Customs duties are applied to imported goods at a wide variety of rates. Given that Customs duty is a tax, it comes with a wide and very complex range of compliance requirements. South Africa is about to have its existing Customs legislation replaced with a brand new set of laws, which is significantly adding to the complexity.
Core customs principles
Tariff classification. All goods cleared through Customs have to be classified into one of around 7 500 tariff codes, as the tariff code drives the duty rate for that product. This process is the single largest cause of non-compliance for importers. There is, unfortunately, no easy way to rectify this problem as classification is complex and takes years to master. If you want to find out more, visit our page on tariff classification.
Valuation. Most goods cleared through Customs need to be allocated a value for duty purposes. This is the base that the duty will be calculated on and is closely monitored by SARS. For the most part this value is the arms-length price for the product, but this value becomes far more complex when the goods are bought from related parties. There are also certain types of transactions where value is difficult to calculate (for example goods shipped under warranty). If you want to find out more, visit our page on Customs valuation.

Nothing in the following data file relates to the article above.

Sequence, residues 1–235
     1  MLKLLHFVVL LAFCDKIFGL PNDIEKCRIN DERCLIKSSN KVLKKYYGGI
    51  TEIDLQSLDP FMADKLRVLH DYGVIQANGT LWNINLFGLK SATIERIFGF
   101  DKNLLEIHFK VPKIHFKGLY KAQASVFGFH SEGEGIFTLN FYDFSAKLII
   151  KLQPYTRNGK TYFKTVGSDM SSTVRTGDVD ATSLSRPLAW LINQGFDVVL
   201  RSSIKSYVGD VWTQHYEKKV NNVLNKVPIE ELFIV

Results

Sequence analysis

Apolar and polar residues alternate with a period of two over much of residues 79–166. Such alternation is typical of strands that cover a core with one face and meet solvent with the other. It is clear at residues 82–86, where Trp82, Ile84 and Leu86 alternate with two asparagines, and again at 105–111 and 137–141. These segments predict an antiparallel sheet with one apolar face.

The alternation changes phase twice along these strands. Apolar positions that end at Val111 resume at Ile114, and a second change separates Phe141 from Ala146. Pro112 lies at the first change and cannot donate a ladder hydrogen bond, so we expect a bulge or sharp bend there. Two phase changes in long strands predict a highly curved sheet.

Origin. South Africa is currently a signatory to 2 trade agreements and is in the process of negotiating more agreements. Given that these agreements allows for lower duties than the norm, they also come with quite complex rules to identify origin. If these rules are not complied with, the duty benefit of the trade agreement cannot be accessed. If you want to find out more, visit our page on trade agreements and origin.
Customs disputes should be taken seriously.
If you currently have a dispute with SARS, get hold of us. We successfully deal with many Customs disputes and would love to see how we can help you.